I want my, I want my, I want my RTC! (apologies to Dire Straits!). Yesterday, Nicholas Brady, Eugene Ludwig and Paul Volcker published an article in the Wall Street Journal entitled “Resurrect the Resolution Trust Corp.” This article makes the case for the establishment of a new, “temporary” credit crisis resolution mechanism. As Brady, Ludwig, and Volcker note, “There are precedents — such as the Resolution Trust Corporation of the late 1980s and early 1990s, as well as the Home Owners Loan Corporation of the 1930s. This new governmental body would be able to buy up the troubled paper at fair market values, where possible keeping people in their homes and businesses operating. Like the RTC, this mechanism should have a limited life and be run by nonpartisan professional management.”
Although Nate Silver’s PECOTA model (see FiveThirtyEight) continues to show a 288 to 250 Electoral College advantage for John McCain over Barack Obama, the “trend” begun yesterday continues today; i.e., 2008.PRES.OBAMA is rallying while 2008.PRES.McCAIN is selling off. Specifically, the 2008.PRES.OBAMA Intrade contract now trades at 51.7, whereas the 2008.PRES.McCAIN Intrade contract is currently trading at 47.7 (compared with 50.7 and 48.6 respectively as reported on yesterday’s update). The pundits claim that that the slippage is due to McCain’s comments earlier this week to the effect that he believed that the “…fundamentals of the economy are strong”; with financial markets volatility particularly high this week, Mr. Obama apparently turned these comments into a marginal political advantage.
Looking at the state-by-state contracts, it appears (based upon my cutoff price point of 55 for allocating Electoral College votes) that Mr. Obama currently holds a 264-240 lead over Mr. McCain. Since yesterday, Ohio (20 Electoral College votes) has moved into the “swing” state category, whereas Virginia (13 Electoral College votes) has moved back into McCain’s column. This leaves Nevada (5 Electoral College votes), Colorado (9 Electoral College votes), and Ohio (20 Electoral College votes) as the “swing” states du jour.
Addendum: September 18, 2008 Electoral College Vote allocation
Barack Obama (264): California (55), Connecticut (7), Delaware (3), District of Columbia (3), Hawaii (4), Illinois (21), Iowa (7), Maine (4), Maryland (10), Massachusetts (12), Michigan (17), Minnesota (10), New Hampshire (4), New Jersey (15), New Mexico (5), New York (31), Oregon (7), Pennsylvania (21), Rhode Island (4), Vermont (3), Washington (11), and Wisconsin (10)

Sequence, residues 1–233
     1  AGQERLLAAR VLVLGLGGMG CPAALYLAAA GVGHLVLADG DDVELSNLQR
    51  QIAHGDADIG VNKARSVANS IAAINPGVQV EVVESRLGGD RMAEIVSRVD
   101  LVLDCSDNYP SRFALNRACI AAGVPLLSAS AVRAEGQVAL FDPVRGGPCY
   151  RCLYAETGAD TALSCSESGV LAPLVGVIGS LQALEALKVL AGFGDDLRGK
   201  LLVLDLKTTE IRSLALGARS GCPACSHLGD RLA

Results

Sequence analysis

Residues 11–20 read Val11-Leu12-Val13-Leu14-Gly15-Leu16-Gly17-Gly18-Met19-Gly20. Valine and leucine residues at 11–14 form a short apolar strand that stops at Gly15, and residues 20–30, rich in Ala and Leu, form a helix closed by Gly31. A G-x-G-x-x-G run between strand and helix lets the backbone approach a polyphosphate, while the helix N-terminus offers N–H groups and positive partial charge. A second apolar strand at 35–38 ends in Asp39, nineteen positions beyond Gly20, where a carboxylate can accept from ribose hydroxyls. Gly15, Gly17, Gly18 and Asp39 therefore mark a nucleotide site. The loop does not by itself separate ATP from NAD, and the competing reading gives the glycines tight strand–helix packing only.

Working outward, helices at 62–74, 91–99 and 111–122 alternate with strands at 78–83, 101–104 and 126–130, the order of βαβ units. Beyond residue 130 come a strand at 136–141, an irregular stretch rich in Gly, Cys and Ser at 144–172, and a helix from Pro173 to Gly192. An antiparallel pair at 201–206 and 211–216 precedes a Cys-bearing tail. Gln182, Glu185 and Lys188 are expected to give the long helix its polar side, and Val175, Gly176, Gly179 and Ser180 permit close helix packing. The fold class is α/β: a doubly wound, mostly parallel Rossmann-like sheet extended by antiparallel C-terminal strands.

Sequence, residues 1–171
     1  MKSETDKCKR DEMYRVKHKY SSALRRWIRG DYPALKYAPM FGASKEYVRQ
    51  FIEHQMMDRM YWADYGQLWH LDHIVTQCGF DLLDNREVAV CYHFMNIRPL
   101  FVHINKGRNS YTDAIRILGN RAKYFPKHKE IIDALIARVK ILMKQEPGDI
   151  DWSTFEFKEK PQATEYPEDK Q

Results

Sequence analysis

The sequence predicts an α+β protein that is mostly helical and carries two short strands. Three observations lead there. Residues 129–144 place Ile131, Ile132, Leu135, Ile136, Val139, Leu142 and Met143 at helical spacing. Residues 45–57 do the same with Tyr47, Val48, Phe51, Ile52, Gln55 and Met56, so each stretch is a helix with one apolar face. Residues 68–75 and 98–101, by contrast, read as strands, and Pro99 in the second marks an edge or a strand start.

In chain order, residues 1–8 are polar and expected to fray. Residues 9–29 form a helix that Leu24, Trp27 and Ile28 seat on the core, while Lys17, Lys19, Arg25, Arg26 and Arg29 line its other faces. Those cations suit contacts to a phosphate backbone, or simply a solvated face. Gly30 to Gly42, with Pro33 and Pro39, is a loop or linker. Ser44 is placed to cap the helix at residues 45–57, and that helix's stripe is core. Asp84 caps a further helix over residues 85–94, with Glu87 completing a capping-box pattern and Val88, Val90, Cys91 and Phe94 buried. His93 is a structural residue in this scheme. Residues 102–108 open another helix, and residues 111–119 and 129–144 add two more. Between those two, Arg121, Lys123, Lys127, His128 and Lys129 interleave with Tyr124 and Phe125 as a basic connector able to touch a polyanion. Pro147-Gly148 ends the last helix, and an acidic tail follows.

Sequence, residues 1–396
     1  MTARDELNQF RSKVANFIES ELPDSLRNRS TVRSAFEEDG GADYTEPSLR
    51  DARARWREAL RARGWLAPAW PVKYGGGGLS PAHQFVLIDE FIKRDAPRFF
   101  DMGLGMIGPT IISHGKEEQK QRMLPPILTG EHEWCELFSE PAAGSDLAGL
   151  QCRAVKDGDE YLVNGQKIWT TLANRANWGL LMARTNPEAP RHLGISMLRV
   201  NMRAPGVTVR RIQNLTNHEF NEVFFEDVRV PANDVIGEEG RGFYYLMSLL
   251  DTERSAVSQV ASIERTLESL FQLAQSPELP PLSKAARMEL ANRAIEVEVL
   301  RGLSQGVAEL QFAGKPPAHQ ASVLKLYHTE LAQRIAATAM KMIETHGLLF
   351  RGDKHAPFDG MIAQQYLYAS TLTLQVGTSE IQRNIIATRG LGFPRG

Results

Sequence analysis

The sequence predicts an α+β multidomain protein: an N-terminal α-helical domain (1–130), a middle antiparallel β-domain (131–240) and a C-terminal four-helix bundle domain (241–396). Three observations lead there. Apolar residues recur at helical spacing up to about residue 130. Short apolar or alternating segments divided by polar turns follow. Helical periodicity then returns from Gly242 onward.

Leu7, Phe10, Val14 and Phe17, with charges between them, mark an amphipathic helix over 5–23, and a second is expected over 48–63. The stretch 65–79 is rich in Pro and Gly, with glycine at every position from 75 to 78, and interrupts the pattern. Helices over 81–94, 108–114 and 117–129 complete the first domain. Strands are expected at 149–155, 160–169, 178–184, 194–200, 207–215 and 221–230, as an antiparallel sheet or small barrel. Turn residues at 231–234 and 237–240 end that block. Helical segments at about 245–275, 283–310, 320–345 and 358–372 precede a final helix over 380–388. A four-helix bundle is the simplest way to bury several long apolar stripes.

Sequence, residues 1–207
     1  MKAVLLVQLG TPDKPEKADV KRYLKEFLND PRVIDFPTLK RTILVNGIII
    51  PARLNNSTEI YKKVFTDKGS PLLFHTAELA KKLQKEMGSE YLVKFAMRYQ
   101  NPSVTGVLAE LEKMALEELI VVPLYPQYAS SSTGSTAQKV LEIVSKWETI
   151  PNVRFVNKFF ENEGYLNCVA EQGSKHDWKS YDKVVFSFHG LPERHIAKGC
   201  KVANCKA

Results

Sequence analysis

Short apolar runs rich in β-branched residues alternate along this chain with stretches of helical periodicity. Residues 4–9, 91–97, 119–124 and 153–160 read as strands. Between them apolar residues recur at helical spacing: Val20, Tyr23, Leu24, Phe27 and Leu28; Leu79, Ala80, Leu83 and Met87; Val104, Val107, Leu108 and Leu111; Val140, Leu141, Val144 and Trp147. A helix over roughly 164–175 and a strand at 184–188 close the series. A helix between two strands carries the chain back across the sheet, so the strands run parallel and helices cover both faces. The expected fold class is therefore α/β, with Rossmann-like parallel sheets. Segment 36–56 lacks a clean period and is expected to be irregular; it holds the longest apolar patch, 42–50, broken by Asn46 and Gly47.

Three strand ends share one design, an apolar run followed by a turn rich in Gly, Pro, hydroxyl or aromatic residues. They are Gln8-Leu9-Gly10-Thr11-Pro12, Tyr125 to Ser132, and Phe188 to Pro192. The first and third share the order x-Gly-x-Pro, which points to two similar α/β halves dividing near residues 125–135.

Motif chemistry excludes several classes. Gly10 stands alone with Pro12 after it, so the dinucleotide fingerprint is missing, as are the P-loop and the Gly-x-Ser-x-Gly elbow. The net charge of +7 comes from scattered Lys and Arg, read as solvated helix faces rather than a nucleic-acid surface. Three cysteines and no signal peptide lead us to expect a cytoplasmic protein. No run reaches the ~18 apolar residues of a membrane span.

John McCain (240): Alabama (9), Alaska (3), Arizona (10), Arkansas (6), Florida (27), Georgia (15), Idaho (4), Indiana (11), Kansas (6), Kentucky (8), Louisiana (9), Mississippi (6), Missouri (11), Montana (3), Nebraska (5), North Carolina (15), North Dakota (3), Oklahoma (7), South Carolina (8), South Dakota (3), Tennessee (11), Texas (34), Utah (5), Virginia (13), West Virginia (5), and Wyoming (3)
I would like to call attention to four videos which I showed in my risk management course this morning at Baylor University (in the order in which they were presented):
All four of these lectures were delivered at Wharton on Tuesday afternoon, September 16 at a Wharton “Teach-In” (see http://www.wharton.upenn.edu/teach_in_09_16_08.cfm). I also recommend viewing a panel discussion from that same day featuring Wharton professors Franklin Allen, Richard Herring, and Susan Wachter entitled “Wall Street’s Day of Reckoning: Turmoil in the Global Market”.
After viewing these videos, I now feel like I have a rough idea of how this (the so-called credit crisis) all came about. It’s really all about (perverse) incentives. I hope we can figure out a way to sunset (that’s a politically correct way of saying “get rid of”) Fannie Mae and Freddie Mac. We also need to think seriously about reforming public policy toward real estate; e.g., by abolishing the tax deductibility of mortgage interest. During the bubble we were encouraging consumers to make highly levered bets on a risky asset class (i.e., residential real estate), and it was funded by the likes of investment banks like Bear Stearns who had only had $1 of their own money and $32 of other people’s (creditors’) money at risk.
Also, according to the Wharton professor Joseph Gyourko, it now appears (after the fact) that the rating agencies probably relied too much upon historical US real estate market price data which showed that prior to the crisis, the national average price for residential real estate had never declined during the course of the postwar (WWII) period. The rating agencies incorrectly inferred from these data that real estate isn’t all that risky, and this helped to feed unrealistic expectations concerning real estate as an asset class (specifically that unlike all other asset classes, real estate “always” goes “up”!).